Octopuses, which are remarkably intelligent marine creatures, generally avoid contact with other animals and are thought to live solitary lives.
However, the situation is quite different 50 feet below in Australia’s Jervis Bay. This site, famously known as Octopolis, is home to a close-knit community of gloomy octopuses, or common Sydney octopuses (Octopus tetricus). Octopuses live in high densities on a large pile of discarded shells, thereby providing scientists with an excellent opportunity to study social interaction among cephalopods.
Related: Octopus trash activity signals deep sea trouble
The octopuses that live here typically mate and fight. However, when they appeared to hurl objects at each other, it piqued the interest of animal behavior experts.
The throwing behavior
Using underwater cameras, researchers discovered that wild octopuses deliberately toss things at each other. After watching hours of footage, the research team discovered 102 moments of debris throwing in a group of about 10 octopuses. They were caught red-handed throwing shells, silt, algae and other debris at rivals who tried to intrude on their dens.
“The throwing of objects is an uncommon behavior in animals,” according to the research paper published in the journal PLoS One.
Octopuses gathered material in their arms before flinging it in the direction of their nearest target through a powerful jet of water. They use fleshy siphons — a tubular structure — to release water out of their bodies. Using this technique, they can propel materials up to several body lengths away.
This new research is led by Peter Godfrey-Smith from the University of Sydney. The researchers observed this unusual behavior from 2015 to 2016.
The team noticed something unusual while analyzing the recordings: the octopuses’ color changed. Octopuses hone the ability to change the color of their skin to camouflage or communicate.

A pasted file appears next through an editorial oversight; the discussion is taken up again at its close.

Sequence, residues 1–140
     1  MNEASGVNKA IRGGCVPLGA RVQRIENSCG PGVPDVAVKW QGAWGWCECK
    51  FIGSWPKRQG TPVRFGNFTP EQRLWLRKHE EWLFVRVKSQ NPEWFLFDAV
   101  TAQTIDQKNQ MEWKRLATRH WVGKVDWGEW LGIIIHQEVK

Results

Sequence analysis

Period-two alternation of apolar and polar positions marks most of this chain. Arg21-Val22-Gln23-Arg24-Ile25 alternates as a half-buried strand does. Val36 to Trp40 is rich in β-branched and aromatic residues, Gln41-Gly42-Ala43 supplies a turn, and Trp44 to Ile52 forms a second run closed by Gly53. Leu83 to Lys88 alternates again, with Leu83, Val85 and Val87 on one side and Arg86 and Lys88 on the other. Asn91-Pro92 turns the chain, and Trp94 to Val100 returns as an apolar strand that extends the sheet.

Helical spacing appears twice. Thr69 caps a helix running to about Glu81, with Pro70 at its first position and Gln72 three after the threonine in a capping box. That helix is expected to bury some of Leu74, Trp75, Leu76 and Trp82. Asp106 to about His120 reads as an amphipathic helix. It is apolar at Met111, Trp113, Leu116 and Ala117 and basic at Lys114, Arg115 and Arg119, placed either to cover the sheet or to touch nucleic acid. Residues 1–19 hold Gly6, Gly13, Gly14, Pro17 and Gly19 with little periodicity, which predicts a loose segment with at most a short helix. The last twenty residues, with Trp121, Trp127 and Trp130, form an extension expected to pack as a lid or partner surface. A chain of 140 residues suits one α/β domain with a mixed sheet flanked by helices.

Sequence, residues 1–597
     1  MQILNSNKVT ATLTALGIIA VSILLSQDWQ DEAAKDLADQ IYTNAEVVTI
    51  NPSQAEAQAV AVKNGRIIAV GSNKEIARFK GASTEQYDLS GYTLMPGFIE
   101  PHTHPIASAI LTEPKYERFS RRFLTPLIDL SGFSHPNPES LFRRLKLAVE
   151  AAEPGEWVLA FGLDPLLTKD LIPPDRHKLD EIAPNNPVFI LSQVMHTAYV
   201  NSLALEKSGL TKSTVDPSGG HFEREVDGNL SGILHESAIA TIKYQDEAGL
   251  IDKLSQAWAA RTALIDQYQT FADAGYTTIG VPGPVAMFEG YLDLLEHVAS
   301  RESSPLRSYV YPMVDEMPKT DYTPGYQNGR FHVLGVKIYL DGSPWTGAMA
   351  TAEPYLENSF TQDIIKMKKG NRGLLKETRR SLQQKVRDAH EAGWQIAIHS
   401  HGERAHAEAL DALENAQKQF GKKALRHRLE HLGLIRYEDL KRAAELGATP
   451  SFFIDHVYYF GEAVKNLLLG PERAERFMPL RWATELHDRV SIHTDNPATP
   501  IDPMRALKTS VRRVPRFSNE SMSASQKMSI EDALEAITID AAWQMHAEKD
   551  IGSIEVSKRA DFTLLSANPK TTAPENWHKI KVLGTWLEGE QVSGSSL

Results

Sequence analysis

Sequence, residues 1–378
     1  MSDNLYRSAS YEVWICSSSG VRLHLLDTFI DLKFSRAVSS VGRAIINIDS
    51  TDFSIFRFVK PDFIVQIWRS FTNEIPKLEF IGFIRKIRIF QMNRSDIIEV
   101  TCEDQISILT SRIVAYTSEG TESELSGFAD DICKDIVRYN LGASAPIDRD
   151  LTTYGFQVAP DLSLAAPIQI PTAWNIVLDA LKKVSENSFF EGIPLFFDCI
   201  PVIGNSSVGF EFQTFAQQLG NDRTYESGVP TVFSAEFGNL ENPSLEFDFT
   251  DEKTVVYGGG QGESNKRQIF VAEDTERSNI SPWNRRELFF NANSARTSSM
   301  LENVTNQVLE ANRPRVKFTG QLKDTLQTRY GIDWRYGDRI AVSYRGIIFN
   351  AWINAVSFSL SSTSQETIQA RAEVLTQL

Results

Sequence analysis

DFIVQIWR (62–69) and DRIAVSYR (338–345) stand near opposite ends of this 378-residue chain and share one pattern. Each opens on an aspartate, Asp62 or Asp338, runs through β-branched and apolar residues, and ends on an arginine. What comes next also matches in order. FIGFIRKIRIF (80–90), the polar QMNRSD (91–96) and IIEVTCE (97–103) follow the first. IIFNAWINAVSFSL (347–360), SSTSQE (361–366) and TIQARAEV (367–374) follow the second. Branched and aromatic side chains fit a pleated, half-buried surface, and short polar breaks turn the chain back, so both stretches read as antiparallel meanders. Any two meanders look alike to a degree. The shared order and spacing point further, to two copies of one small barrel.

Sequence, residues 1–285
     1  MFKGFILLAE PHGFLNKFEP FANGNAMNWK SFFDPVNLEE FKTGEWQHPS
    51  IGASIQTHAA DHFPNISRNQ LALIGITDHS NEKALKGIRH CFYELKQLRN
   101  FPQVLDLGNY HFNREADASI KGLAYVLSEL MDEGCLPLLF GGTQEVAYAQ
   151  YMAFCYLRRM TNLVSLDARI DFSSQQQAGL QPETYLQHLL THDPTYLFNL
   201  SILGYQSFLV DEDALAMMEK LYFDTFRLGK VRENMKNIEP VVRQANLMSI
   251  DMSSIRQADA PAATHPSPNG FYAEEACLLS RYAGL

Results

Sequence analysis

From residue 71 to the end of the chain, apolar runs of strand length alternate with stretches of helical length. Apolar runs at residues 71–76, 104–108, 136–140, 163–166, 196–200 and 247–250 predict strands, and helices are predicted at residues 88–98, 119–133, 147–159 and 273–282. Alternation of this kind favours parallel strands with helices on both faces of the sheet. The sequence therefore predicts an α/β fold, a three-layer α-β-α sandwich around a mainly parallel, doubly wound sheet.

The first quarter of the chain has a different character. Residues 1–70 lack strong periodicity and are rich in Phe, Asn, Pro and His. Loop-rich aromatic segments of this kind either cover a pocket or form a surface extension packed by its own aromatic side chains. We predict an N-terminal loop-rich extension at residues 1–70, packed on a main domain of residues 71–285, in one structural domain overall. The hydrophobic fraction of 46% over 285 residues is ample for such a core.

Animal behavior researchers say that the dark skin pattern is generally linked to aggression. In this study, it was found that dark-colored individuals hurled objects with greater force with the aim of hitting the desired target, i.e., another octopus. The ones hit by the debris reacted by “ducking or raising their arms in the direction of the thrower,” as per the press release.
“Throwing with aiming has sometimes been seen as distinctively human, and it probably does have an important role in hominin evolution. But throwing at a target has also been observed in some non-human primates (especially chimps and capuchins), elephants, mongooses and birds,” reveals the paper.
Researchers say it’s difficult to determine the exact intent, but they believe octopuses do it on purpose as “they had to move their siphon into an unusual position.”
One reason could be a lack of space — octopuses are plentiful in Jervis Bay. This confines reclusive animals to small spaces, forcing them to defend their territory. Although the creatures are boneless, they can easily squeeze into small spaces.
The footage showcased octopuses throwing food scraps out of their dens, shooting shells to scare away pesky intruders like fish, and even hurling at an underwater camera placed near their territory. The team found that shells were the most commonly thrown object overall — with 55 recorded instances.
Females throw more objects
Approximately 17% of flings from different types of object-throwing behavior were successful in hitting the other target octopuses.
This behavior was observed in both sexes, but females exhibited 66% of it. Tossing shells and blasting silt at potential mates may be how females tell males they aren’t interested — at least in some cases. Or it could be also to safeguard their eggs.
For instance, the recording showed a female octopus target a male neighbor with silt five times in about four hours after the male made several failed attempts to mate with her. Another female threw 17 objects in 60 minutes, striking at least nine other octopuses.
Scientists have long been fascinated by enigmatic octopuses. Interestingly, some fringe theories also suggest that they could be aliens. As crazy as it may sound, Octopus has nine brains, three hearts and blue blood.
These eight-legged sea creatures exhibit inquisitive behavior. Studies have revealed that their brains share some similarities with humans. With all of its brainpower, the octopus exhibits many signs of intelligence and can learn how to perform problem-solving tasks such as solving mazes or breaking out of a locked container.
Scientists studying the brains of octopuses have found that, like humans, they appear to have distinct short and long-term memory. This enables them to recognize individual people just by their sight.
Animal behavior is peculiar, and octopuses truly stand out from the crowd! But even these strange creatures must be understood. Thanks to numerous scientific observations, which continue to add to our understanding of wildlife behavior. And this new fascinating study brings us one step closer to understanding the interesting quirks of octopuses and how they interact with other beings.
Via PLoS One
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